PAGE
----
As much as I have always loved to draw and paint as far back as I remember, I could not figure out how to make a career as an artist. What do you paint? How do you sell it? So, instead of pursuing g a degree in art I went to Architecture school. After graduating , working as an Architect, passing my exams and becoming a registered Architect, I was having serious concerns about my career until I went to the Mexican GP in the mid 80s. While there I saw an artist selling prints of his works out of his backpack. I was hit like as by a lightning bolt. I went home, did some homework and a after a few months made a decision to be an artist. Not to become one one day, not to treat it as a hobby; I had to commit to a vision and BE an artist. So I walked away from a good career, and jumped into the deep end. I spent what little money I had going to F1, Indy, and Sportscar races to show off my work. And I did a great imitation of a starving artist. In fits and starts I began to make some headway, selling small pieces and meeting special people who encouraged me to continue. In particular, Patricia. I apologize if this becomes very personal very quickly, but Patti was amazing; once she saw my works and my passion she signed up to be my companion and supporter. She always believed in me, even when I had my doubts. She had no problem being a tough critic, but she was always knew that I was on the right track. After 7 years together, Patti passed away after a brief and brutal battle with cancer. In the devastating aftermath I had to consider getting a "real job" to support my sons and to be a responsible adult. And while considering my options I had lightning strike no.2: If Patti believed in me it would be an insult to her memory to walk away from my dream, our dream. This was no longer a choice, I must prove her belief to be correct. No safety net, only onwards and upwards. I worked harder than I thought possible to take myself from one level to the next, ignoring pleas from family and even friends to just drop the idea of being an artist.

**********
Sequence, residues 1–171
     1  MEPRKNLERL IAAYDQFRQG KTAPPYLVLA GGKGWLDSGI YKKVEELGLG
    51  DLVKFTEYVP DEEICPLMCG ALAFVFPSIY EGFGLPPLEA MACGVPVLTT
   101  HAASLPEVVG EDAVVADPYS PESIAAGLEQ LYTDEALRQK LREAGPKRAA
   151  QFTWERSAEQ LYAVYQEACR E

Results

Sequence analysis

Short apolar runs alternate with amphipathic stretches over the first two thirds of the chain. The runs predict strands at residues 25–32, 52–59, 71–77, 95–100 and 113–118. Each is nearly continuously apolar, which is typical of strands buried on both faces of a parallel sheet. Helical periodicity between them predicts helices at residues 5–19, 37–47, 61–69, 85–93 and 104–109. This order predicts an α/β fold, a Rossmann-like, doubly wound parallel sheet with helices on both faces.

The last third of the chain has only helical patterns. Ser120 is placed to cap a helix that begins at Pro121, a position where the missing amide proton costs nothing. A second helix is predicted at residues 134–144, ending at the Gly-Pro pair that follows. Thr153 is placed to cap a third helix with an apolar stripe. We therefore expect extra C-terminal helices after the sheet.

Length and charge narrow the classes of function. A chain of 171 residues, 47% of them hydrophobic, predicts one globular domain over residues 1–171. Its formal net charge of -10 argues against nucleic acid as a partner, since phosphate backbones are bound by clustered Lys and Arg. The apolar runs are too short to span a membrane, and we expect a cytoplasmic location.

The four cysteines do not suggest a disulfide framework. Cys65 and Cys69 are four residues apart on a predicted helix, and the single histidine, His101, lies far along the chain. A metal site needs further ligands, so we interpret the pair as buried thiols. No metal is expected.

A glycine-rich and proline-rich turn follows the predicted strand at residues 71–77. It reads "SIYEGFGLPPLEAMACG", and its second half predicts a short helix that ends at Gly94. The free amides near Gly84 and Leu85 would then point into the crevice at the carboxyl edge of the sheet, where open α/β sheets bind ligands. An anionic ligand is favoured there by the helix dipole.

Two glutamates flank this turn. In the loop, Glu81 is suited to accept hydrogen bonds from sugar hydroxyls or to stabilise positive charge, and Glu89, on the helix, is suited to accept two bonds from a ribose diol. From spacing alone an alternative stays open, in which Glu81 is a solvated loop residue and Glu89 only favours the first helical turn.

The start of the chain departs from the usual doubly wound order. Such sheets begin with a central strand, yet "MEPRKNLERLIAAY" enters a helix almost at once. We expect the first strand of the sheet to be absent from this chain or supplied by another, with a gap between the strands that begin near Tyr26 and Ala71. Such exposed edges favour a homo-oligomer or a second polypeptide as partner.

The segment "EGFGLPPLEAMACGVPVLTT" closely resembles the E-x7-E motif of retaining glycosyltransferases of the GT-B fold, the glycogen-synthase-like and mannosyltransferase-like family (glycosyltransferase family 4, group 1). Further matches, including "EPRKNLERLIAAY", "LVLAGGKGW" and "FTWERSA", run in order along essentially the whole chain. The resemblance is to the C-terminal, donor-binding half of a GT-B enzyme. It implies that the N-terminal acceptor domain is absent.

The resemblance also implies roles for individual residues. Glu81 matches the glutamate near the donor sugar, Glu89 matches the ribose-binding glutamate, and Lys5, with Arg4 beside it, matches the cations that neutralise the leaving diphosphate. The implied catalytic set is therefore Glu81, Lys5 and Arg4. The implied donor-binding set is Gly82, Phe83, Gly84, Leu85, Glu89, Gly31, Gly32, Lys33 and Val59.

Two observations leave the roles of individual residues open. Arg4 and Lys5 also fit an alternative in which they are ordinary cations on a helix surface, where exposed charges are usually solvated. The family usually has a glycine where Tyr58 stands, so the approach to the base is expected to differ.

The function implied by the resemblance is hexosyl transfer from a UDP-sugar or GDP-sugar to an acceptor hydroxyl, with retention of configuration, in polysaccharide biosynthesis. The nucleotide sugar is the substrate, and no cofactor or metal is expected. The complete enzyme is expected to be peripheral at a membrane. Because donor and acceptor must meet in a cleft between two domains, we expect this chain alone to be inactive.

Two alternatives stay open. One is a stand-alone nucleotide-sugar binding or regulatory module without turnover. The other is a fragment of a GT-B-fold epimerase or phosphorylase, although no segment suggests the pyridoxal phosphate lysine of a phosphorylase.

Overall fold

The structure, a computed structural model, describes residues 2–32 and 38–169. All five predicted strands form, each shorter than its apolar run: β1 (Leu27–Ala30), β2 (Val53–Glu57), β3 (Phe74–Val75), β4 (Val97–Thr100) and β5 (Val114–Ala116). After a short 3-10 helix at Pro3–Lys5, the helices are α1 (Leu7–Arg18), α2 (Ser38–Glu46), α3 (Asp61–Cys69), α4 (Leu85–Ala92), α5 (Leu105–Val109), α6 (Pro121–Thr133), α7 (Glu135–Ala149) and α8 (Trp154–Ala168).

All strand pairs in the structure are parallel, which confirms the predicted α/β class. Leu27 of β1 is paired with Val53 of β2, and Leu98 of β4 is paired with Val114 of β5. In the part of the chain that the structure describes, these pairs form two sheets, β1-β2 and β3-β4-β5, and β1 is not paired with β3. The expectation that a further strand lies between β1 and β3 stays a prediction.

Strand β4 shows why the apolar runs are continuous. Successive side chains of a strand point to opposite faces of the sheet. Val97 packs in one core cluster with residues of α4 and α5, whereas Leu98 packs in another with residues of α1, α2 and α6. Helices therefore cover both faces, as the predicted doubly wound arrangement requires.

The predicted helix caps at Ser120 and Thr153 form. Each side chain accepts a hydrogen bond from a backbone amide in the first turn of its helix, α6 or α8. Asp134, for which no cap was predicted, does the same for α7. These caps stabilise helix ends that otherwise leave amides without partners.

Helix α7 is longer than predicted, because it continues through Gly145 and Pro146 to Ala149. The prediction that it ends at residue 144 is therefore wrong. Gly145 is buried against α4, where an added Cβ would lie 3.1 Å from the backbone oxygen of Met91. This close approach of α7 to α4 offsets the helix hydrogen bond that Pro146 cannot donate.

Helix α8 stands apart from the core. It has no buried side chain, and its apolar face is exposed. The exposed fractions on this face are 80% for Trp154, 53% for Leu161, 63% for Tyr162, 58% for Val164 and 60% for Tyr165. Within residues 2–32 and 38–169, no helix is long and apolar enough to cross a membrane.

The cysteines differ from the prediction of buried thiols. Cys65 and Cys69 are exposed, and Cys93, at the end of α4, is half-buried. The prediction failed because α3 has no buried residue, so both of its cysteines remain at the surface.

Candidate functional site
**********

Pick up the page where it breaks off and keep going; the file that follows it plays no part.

Not long after Patti's death I was essentially dared to get up in front of a large audience and do a very large painting. At Runway Madness II in 2000, the 6'x4' painting I produced on stage was immediately auctioned off (to high bidder Roger Penske) for $16,000!
I have since been blessed by good fortune and a marriage to my supportive and beautiful wife, and now count on some of the biggest names in motor racing as my friends and clients.
Oh, and here's a bio:
Born in Wyoming, Bill moved to the Canadian Rockies where he quickly engaged his two passions … art and downhill skiing … and both at the age of three!
By age eleven, Bill found himself in a British boarding school in Argentina. He was quick to learn Spanish, sketched on everything in sight and participated in all kinds of sports, but nothing compared to the precision, speed or exhilaration he remembered from downhill racing…until he was invited to go to his first auto race in Buenos Aires. Bill immediately recognized in auto racing, the same ‘edge’ he knew from skiing. It was the edge of precision, calculated speed and technical limits with infinite exhilaration and he was hooked.
After returning to the US, and becoming a practicing architect, Bill made a life changing decision. He knew he was an artist first and an architect second. He began to paint and hasn’t stopped since.
Bill is currently the Official Artist of Weathertech Raceway Laguna Seca, does an array of commissioned work for private and corporate clients, and performs ‘live paintings’ internationally for corporations such as Honda, Firestone, IBM, FedEx, Microsoft, Lamborghini, and Lincoln. Although he is best known in auto racing circles, his art has been widely accepted in other motionsports as well, including tennis, hockey, skiing, soccer and sailing. Surprisingly, even the not-so-fast motion sport of wedding venues has been in high demand. The possibilities are endless with Bill’s talents!
Today Bill resides in the Texas Hill Country, and if he’s not painting, he’s likely speeding down the side of a mountain on his skis or bike or flying his model glider up to speeds of 200 mph! It has always been about speed, and there is no slowing him down!
Bill Patterson with American Racing Legend Dan Gurney